Whist Card Game in C# and WPF

Greetings all, I am hopefully going to have some time over the next few weeks as my current project at work ramps down and I await the next one. I have begun a new side project to use some of this time toward and plan to make a few posts about it. I am writing a card game, which might seem cliché, but it is something I have always wanted to do and it is going to be a game that you don’t see very often.

I like cards and I play both bridge and whist whenever I get a chance, which is not very often. It is hard to find people to play and consequently I want a computer game to play. I am going to start with a base solitaire game for Silverlight [thanks to Eric Guo] that has a decent card and deck class that make it easy to quickly show the cards on the screen. I have put together a quick starter application that has a nice felt background and that will deal the cards out and I just added sorting, as one would for bridge, but with uptown and downtown (hi/lo) options for sorting both ways for Bid Whist hands.

The key feature will be the Artificial Intelligence component that will play the other three hands. This is not a simple task and is certainly where the challenge lies. My first attempt will likely use more heuristics than anything, a rule based player. It will certainly be a work in progress for a long time to come. I will publish to my as soon as I set it up. For now here is a screenshot of what I have:

Deal and sort for Whist hand…

One thing I want to note is how I solved the problem of converting the Silverlight xaml I got from the sample project into WPF xaml that would run. The problem that occurred in multiple places and in almost all animations, such as just moving a card was the same. The Silverlight application had code for nice move animations and a nice flip animation that I am planning to reuse. But, in WPF you must have a valid, preset Top and Left value on the item you wish to manipulate. This is not so in Silverlight and causes a common NaN error. The answer I found at and showed me how to get a rendered top and left value. Instead of using:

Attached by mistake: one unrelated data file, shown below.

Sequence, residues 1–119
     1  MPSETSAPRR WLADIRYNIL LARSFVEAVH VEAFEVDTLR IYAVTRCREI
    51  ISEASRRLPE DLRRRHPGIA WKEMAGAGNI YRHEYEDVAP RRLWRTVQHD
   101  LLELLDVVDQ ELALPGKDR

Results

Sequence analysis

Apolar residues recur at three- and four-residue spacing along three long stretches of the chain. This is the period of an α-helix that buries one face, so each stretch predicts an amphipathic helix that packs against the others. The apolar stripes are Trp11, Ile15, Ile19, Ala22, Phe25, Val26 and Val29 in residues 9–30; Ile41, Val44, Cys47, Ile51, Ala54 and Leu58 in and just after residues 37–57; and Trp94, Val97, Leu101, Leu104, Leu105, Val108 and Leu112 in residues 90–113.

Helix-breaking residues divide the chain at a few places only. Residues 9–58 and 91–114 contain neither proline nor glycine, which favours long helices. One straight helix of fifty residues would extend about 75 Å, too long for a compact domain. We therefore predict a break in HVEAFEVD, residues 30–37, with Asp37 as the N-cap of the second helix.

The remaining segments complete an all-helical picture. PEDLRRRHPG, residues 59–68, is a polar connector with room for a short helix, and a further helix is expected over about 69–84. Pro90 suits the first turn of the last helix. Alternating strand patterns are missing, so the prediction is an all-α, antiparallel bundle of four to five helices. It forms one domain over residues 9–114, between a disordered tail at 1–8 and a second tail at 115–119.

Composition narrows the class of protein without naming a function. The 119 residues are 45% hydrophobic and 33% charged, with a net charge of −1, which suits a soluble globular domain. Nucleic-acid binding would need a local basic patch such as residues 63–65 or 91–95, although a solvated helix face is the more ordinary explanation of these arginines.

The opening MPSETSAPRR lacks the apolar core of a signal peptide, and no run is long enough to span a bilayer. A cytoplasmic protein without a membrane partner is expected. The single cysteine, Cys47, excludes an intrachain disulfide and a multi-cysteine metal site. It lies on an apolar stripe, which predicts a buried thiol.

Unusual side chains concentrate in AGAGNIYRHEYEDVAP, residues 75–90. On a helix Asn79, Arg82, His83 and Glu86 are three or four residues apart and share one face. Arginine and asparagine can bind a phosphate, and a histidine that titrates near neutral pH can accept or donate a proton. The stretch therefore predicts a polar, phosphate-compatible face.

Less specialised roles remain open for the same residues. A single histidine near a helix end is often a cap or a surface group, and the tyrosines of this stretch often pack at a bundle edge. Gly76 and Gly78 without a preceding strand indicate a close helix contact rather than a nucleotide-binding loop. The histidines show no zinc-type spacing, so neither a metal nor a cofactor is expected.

var dx = Canvas.GetLeft(deck);
var dy = CanvasGetTop(deck);

which will result in a NaN error if you try to use the value returned. You have to use:
var offset = VisualTreeHelper.GetOffset(deck);
var dx = offset.X;
var dy = offset.Y;

This GetOffset method will give you the rendered positional values for your element.


5 Comments on “Whist Card Game in C# and WPF”

  1. Peder says:

    That screenshot looks great! I am currently making a Rook card game and was wondering if you could post the source for your Whist game. Rook and Whist are pretty similar and I would greatly appreciate the GUI code.

  2. Peder says:

    Just a note. I have the AI for my game, but I am a bit inexperienced when it comes to the graphical side. I would love to collaborate on the AI side of card games if you are still wanting to make some Whist AI. I have played a bit of Whist in my days.

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